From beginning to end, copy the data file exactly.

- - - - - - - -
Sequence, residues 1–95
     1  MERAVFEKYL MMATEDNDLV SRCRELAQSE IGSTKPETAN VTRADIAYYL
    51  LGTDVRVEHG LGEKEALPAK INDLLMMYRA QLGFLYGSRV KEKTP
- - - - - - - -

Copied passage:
Sequence, residues 1–95
     1  MERAVFEKYL MMATEDNDLV SRCRELAQSE IGSTKPETAN VTRADIAYYL
    51  LGTDVRVEHG LGEKEALPAK INDLLMMYRA QLGFLYGSRV KEKTP